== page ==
Archive for November, 2008

[ Retro Scan of the Week ] NEC PC-8401A Lap-Top

Monday, November 24th, 2008

NEC PC-8401A Ad - 1986From a more innocent time, when “laptop” was two words separated by a hyphen.

[ From COMB Catalog, circa 1986 ]

Discussion topic of the week: What was the first portable computer you ever used?

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[ Retro Scan of the Week ] Ocarina of Time, Ten Years Later

Monday, November 17th, 2008

Zelda: Ocarina of Time Ad - 1998Get thee to a nunnery

Ten years ago this Friday, Nintendo released what many consider to be the greatest Zelda title of all time, if not one of the greatest video games ever created. The Legend of Zelda: Ocarina of Time went on sale in Japan on November 21, 1998 after a long period of eager anticipation on the part of Zelda fans, who hadn’t seen a home console Zelda title since 1991’s A Link to the Past on the Super NES. Nintendo hyped up the release of their new game by offering a limited edition gold-colored cartridge (seen here) to those who pre-ordered Ocarina in the US.

Sadly, I missed out on the gold carts, but I did manage to snag a copy (a very gray copy) for Christmas 1998. Honestly, since playing through Ocarina of Time almost a decade ago, that personal experience — in terms of its joy, its depth, and its enchanting, enveloping nature — has yet to be surpassed by any other title. Now that’s a good video game.

[ From Electronic Gaming Monthly, November 1998 ]

Discussion topic of the week: Tell us why you think the Ocarina of Time is great. How, if at all, has the game been influential to the video game industry?

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The View From My Workbench, Episode 1

Friday, November 14th, 2008

Benj's Workbench - November 2008

Yep, all this junk is on my workbench at the moment. What a mess. How many VC&G-related items can you name?

While you work on that, I’m going downstairs to clean it up.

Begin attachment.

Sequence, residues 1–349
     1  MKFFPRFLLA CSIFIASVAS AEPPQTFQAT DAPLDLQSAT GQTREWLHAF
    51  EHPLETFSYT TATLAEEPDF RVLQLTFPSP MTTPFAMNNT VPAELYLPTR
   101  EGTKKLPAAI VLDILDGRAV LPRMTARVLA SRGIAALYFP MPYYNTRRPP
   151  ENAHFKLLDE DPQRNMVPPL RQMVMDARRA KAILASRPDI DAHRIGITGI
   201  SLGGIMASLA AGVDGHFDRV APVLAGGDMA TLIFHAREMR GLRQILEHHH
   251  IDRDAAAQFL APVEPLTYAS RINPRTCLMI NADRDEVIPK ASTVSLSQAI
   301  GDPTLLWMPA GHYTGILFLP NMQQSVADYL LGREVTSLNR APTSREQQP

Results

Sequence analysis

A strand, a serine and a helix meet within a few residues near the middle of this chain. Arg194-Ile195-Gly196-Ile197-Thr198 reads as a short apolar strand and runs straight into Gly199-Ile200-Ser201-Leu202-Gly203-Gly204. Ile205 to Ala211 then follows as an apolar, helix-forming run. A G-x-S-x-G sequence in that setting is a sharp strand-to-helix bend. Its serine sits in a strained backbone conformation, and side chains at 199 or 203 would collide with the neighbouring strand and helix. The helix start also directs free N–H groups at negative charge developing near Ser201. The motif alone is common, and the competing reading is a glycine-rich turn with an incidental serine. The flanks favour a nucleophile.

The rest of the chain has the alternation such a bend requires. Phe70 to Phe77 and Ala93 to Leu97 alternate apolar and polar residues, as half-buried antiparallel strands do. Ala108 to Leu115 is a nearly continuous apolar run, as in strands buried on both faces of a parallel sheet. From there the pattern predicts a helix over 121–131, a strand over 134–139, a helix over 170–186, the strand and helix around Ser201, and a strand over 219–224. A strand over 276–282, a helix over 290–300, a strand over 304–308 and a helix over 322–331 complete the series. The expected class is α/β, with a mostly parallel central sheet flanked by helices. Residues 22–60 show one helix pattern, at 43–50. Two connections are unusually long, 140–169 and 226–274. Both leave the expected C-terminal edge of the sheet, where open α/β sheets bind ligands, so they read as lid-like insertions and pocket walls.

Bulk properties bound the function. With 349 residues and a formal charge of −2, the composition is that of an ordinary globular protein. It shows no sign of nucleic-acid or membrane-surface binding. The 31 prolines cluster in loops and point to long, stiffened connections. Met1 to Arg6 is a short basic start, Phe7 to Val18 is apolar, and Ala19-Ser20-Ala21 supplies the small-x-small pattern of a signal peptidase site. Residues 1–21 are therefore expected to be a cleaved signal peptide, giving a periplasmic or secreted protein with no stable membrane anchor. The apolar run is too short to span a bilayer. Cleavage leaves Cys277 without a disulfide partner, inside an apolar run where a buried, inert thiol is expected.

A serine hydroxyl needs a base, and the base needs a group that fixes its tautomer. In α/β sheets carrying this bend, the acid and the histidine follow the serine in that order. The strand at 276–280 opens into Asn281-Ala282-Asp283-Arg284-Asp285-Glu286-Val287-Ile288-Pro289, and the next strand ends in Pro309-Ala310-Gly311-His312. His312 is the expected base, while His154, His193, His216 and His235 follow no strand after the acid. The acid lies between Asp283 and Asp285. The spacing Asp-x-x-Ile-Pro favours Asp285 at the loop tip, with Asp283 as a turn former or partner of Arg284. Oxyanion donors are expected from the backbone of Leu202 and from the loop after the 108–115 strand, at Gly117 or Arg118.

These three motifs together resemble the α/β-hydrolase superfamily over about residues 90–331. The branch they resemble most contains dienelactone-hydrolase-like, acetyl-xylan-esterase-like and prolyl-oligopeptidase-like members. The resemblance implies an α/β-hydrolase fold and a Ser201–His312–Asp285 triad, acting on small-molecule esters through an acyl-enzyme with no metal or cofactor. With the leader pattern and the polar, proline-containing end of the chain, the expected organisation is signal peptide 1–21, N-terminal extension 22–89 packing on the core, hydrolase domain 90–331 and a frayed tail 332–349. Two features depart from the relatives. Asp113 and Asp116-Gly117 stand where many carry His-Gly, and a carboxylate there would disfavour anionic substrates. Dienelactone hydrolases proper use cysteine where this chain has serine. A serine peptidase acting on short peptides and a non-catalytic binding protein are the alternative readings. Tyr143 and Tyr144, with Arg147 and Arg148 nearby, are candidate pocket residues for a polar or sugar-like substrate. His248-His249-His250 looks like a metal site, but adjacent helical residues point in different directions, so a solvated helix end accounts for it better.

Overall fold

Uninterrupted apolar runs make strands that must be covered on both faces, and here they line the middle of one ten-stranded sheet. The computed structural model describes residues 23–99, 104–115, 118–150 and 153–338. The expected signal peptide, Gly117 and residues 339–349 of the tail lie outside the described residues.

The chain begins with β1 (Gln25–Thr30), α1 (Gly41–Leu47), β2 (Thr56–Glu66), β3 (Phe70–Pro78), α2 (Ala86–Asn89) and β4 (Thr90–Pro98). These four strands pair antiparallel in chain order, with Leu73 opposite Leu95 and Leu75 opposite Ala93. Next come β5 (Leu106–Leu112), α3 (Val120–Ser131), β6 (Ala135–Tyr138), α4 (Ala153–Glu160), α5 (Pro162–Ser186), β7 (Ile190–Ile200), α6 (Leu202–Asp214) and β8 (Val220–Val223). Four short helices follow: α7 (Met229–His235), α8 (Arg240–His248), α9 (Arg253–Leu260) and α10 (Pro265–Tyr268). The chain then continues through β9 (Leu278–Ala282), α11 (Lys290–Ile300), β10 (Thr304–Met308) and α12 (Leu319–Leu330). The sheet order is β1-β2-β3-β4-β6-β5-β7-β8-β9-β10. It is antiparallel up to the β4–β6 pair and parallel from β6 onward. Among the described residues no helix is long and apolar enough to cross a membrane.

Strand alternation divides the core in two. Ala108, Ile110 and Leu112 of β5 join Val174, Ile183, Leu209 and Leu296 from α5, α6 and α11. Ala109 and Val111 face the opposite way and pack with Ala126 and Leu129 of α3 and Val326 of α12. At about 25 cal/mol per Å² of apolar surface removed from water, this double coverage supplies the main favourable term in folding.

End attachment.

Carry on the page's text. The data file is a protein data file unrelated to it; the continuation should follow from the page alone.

[ Fuzzy Memory ] Mainframe Games

Thursday, November 13th, 2008

Fuzzy MemoryIt’s not every day that I receive a Fuzzy Memory dating back to the early days of personal computing. Come to think of it, it’s no every day that I receive a Fuzzy Memory. But I digress — in this case, the computer in question isn’t even personal, but a mainframe PDP 11/34. The year? 1979.

Like always, I’m not an oracle of infinite knowledge and resources, so I need you (my adept readers) to help solve the mystery. And besides, I like making you do most of the work.

Advent, Trek, and Tripe

Robert wrote me a few days ago regarding a neolithic computer game from the disco era:

I have a new “fuzzy memory” search for you. When I first became addicted to computers in 1979, it was on a PDP 11/34 at my local college. That computer had 3 text-based games that endeared me to computers forever: Advent, Trek, and Tripe.

I have been able to find both Advent (which was the precursor to Zork) and Trek (a text-based Star Trek battle/strategy game). I have never tracked down a version of Tripe.

Tripe was a text-based parody of Star Trek. Key things that I recall about the game include:

  • Away teams would raid a planet and “kill the women and rape the bad guys!”
  • The ultimate weapon was the “dusn’t matter probe”. When fire, it would start playing one of Kirk’s famous speeches, at which point the enemy would commit suicide.

I don’t know if this game ever left the confines of the PDP, but it sure would be cool to track down a version of it.


The Search Begins

In this case, we’re fortunate: Robert knows the name of the game he’s looking for, and he knows the platform. But one key absence still prevents him from reliving his fondest gaming memories: the game itself. If anyone out there knows more about Tripe or how to obtain a copy of it, please let us know in the comments section. Perhaps there’s a more recent port of the game for another platform, or maybe someone has a disk image of the game that Robert could run on a PDP/11 emulator.

While you’re at it, feel free to leave your own mainframe memories in the comments below. Good luck!

Have a memory of a computer, video game, computer software, or electronic toy you need help identifying? Send me an email describing your memories in detail. Hopefully, the collective genius of the VC&G readership can help solve your mystery.

[ Retro Scan of the Week ] The TRS-80 Model 12